Our place in the universe, well, it is here. And that’s the place we have and nothing else. Everything else is unfriendly. We cannot flee from our planet, I mean go to any other planet in the solar system. It’s just not inviting. And the next planet from there, the next star out there, is only four and a half light-years away, but with the fastest speed, we can never reach so far. It would take 110,000 years just to go there, hundreds and hundreds of generations. They wouldnt even know where they were going. There would be incest and madness and murder and whatever en route. So it’s not pleasant to move… We cannot dissolve into particles of light, like in “Star Trek” and beam ourselves somewhere. This is our place, this is our place, and we’d better take care of it.
—Werner Herzog, in an NPR conversation Connecting Science and Art
Connecting Science and Art, Pt. 2
- PROFESSOR LAWRENCE KRAUSS (Arizona State University): When you try and confront the real world, as a scientist, it's terrifying because it forces you to throw away a lot of things you believe. And sometimes, you have to go away from it. And I think - that's what I mean. I think the convergence of science and art in the sense that if -that what that science was saying is confronted with the reality of those caves (unintelligible). It was difficult for him to deal with. And I - and even as a theoretical physicist, sometimes just alone at night, confronted with the possibility that the real universe might actually correspond to something you're thinking about is terrifying. And I think there's...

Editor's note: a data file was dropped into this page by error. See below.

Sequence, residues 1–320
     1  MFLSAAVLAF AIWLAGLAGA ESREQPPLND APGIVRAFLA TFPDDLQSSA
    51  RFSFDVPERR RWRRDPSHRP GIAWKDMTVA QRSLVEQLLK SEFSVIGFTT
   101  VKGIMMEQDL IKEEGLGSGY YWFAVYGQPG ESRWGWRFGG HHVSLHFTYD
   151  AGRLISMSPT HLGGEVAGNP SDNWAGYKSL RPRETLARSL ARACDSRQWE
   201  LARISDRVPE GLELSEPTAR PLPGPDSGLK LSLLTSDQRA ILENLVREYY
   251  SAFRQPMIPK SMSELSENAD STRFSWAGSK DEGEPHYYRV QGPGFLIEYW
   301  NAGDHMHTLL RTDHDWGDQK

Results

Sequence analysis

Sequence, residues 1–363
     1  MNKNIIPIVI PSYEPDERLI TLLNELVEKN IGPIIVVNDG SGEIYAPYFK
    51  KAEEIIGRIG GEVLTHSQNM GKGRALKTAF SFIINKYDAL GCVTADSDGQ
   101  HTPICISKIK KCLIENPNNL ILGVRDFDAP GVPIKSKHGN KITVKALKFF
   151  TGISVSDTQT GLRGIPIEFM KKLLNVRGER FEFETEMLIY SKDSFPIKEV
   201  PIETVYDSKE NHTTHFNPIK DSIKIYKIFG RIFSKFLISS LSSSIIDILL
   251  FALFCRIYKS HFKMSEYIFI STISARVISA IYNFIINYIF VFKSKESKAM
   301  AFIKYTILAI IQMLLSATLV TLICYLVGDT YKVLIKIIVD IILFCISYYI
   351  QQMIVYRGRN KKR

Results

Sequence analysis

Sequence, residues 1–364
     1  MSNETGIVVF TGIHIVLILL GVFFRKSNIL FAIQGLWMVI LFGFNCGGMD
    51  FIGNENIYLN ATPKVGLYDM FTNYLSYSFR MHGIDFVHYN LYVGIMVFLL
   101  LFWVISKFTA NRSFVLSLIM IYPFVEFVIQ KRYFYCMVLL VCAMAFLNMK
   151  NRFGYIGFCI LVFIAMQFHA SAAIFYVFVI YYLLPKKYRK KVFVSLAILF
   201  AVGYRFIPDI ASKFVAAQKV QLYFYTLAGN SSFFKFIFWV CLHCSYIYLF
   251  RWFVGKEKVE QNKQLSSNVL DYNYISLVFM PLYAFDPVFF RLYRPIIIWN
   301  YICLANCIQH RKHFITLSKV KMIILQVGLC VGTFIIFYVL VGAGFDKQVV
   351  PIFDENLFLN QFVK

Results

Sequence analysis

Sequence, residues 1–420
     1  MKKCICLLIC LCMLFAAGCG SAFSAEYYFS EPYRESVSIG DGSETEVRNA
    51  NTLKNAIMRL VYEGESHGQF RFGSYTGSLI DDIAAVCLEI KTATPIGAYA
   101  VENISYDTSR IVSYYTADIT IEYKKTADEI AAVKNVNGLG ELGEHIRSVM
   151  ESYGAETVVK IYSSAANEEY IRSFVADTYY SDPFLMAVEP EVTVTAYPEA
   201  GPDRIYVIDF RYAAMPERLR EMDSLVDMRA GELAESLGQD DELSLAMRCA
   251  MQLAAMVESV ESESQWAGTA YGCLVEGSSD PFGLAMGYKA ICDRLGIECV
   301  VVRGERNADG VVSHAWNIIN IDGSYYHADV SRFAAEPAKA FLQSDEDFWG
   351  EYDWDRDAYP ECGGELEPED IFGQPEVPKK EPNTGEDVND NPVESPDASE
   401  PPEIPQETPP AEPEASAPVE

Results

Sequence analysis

- WERNER HERZOG: And, of course, it is, because it's not friendly just be - imagined to be being sucked into a black hole or even landing on the sun, which looks so benign and beautiful, and there's hundreds of thousands of atomic explosions boiling every second.
- PROFESSOR LAWRENCE KRAUSS (Arizona State University): And in some ways, we have to realize that, yet, once again, we have to confront our own, in some sense, an unfriendly universe potentially, but also our own insignificance in a cosmic sense, and what significance we make of ourselves. To me, part of it is our ability to - this amazing gift we have to appreciate the universe and imagine it not just as it is but as it might be in order to understand ourselves better. That's why I find this connection.
- (NPR, April 8, 2011)